Factors Associated with Adherence to Mammography Screening Among Insured Women Differ by Income Levels

Wambui Gathirua-Mwangi, Andrea Cohee, Will L. Tarver, Andrew Marley, Erika Biederman, Timothy Stump, Patrick Monahan, Susan Rawl, Celette Sugg Skinner, Victoria Champion

Research output: Contribution to journalArticle

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Abstract

Background: Breast cancer is the second leading cause of cancer mortality, yet mammography screening rates remain less than optimal and differ by income levels. The purpose of this study was to compare factors predicting mammography adherence across income groups. Methods: Women 41 to 75 years of age (N = 1,681) with health insurance and with no mammogram in the last 15 months were enrolled to participate in an interventional study. Binary logistic regression was used to estimate multivariable-adjusted odds ratios (ORs) for demographic and health belief factors predicting mammography adherence for each income group: 1) low, less than $30,000, 2) middle, $30,000 to 75,000, and 3) high, greater than $75,000 per year. Results: Being in the contemplation stage (vs. precontemplation) of obtaining a mammogram predicted mammography adherence across all income groups and was the only predictor in the middle-income group (OR, 3.9; 95% CI, 2.61–5.89). Increase in age was associated with 5% increase (per year increase in age) in mammography adherence for low-income (OR, 1.05; 95% CI, 1.01–1.09) and high-income (OR, 1.05; 95% CI, 1.02–1.08) women. Having a doctor recommendation predicted mammography adherence only in low-income women (OR, 10.6; 95% CI, 2.33–48.26), whereas an increase in perceived barriers predicted mammography adherence only among high-income women (OR, 0.96; 95% CI, 0.94–0.99). In a post hoc analysis, high-income women reported difficulty in remembering appointments (53%) and lack of time to get a mammogram (24%) as key barriers. Conclusions: For all income groups, being in contemplation of obtaining a mammogram predicted mammography adherence; however, age predicted mammography adherence for low- and high-income groups, whereas doctor recommendation and perceived barriers were unique predictors for low- and high-income women, respectively. Health care providers should be aware of differences in factors and emphasize strategies that increase mammography adherence for each income group.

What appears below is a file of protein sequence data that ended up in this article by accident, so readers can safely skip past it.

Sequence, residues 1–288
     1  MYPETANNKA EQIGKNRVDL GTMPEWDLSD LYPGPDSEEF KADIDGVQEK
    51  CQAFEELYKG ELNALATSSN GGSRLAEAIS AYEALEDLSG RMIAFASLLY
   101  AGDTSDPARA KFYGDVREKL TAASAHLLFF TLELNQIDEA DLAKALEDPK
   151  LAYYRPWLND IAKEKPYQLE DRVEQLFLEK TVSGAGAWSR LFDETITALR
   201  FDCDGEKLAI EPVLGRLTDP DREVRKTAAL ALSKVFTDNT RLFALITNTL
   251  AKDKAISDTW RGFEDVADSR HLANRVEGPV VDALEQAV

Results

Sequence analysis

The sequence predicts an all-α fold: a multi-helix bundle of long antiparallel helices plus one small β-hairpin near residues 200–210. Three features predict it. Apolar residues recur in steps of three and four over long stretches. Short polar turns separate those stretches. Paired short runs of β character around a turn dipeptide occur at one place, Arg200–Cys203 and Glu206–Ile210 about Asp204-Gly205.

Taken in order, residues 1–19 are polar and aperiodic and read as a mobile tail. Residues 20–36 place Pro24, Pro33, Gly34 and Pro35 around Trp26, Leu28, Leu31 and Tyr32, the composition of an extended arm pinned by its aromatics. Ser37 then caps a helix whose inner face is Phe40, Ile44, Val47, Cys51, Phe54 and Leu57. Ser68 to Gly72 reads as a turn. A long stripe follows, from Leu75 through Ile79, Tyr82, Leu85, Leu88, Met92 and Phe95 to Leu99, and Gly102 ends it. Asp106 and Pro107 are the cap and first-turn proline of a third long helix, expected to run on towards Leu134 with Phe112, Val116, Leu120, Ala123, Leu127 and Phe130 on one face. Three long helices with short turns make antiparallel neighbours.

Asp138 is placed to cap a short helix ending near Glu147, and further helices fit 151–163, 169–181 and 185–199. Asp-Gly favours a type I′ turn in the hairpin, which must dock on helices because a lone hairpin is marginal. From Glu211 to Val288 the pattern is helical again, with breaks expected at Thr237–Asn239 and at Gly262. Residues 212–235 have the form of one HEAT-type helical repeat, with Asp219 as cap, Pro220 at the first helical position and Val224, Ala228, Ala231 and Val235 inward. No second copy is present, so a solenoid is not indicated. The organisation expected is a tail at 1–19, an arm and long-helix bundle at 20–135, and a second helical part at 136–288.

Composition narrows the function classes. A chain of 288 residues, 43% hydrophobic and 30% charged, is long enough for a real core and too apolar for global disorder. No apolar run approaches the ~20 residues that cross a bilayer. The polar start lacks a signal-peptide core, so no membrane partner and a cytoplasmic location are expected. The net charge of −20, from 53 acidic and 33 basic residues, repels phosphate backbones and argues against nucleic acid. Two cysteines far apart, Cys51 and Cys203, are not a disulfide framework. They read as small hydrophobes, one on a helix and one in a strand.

Original languageEnglish (US)
JournalWomen's Health Issues
DOIs
StateAccepted/In press - Jan 1 2018

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Mammography
income
Odds Ratio
low income
Group
cancer
health insurance
Health Insurance
mortality
logistics
Health Personnel
health care
regression

ASJC Scopus subject areas

  • Health(social science)
  • Obstetrics and Gynecology
  • Public Health, Environmental and Occupational Health
  • Maternity and Midwifery

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Factors Associated with Adherence to Mammography Screening Among Insured Women Differ by Income Levels. / Gathirua-Mwangi, Wambui; Cohee, Andrea; Tarver, Will L.; Marley, Andrew; Biederman, Erika; Stump, Timothy; Monahan, Patrick; Rawl, Susan; Skinner, Celette Sugg; Champion, Victoria.

In: Women's Health Issues, 01.01.2018.

Research output: Contribution to journalArticle

Gathirua-Mwangi, Wambui ; Cohee, Andrea ; Tarver, Will L. ; Marley, Andrew ; Biederman, Erika ; Stump, Timothy ; Monahan, Patrick ; Rawl, Susan ; Skinner, Celette Sugg ; Champion, Victoria. / Factors Associated with Adherence to Mammography Screening Among Insured Women Differ by Income Levels. In: Women's Health Issues. 2018.
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abstract = "Background: Breast cancer is the second leading cause of cancer mortality, yet mammography screening rates remain less than optimal and differ by income levels. The purpose of this study was to compare factors predicting mammography adherence across income groups. Methods: Women 41 to 75 years of age (N = 1,681) with health insurance and with no mammogram in the last 15 months were enrolled to participate in an interventional study. Binary logistic regression was used to estimate multivariable-adjusted odds ratios (ORs) for demographic and health belief factors predicting mammography adherence for each income group: 1) low, less than $30,000, 2) middle, $30,000 to 75,000, and 3) high, greater than $75,000 per year. Results: Being in the contemplation stage (vs. precontemplation) of obtaining a mammogram predicted mammography adherence across all income groups and was the only predictor in the middle-income group (OR, 3.9; 95{\%} CI, 2.61–5.89). Increase in age was associated with 5{\%} increase (per year increase in age) in mammography adherence for low-income (OR, 1.05; 95{\%} CI, 1.01–1.09) and high-income (OR, 1.05; 95{\%} CI, 1.02–1.08) women. Having a doctor recommendation predicted mammography adherence only in low-income women (OR, 10.6; 95{\%} CI, 2.33–48.26), whereas an increase in perceived barriers predicted mammography adherence only among high-income women (OR, 0.96; 95{\%} CI, 0.94–0.99). In a post hoc analysis, high-income women reported difficulty in remembering appointments (53{\%}) and lack of time to get a mammogram (24{\%}) as key barriers. Conclusions: For all income groups, being in contemplation of obtaining a mammogram predicted mammography adherence; however, age predicted mammography adherence for low- and high-income groups, whereas doctor recommendation and perceived barriers were unique predictors for low- and high-income women, respectively. Health care providers should be aware of differences in factors and emphasize strategies that increase mammography adherence for each income group.",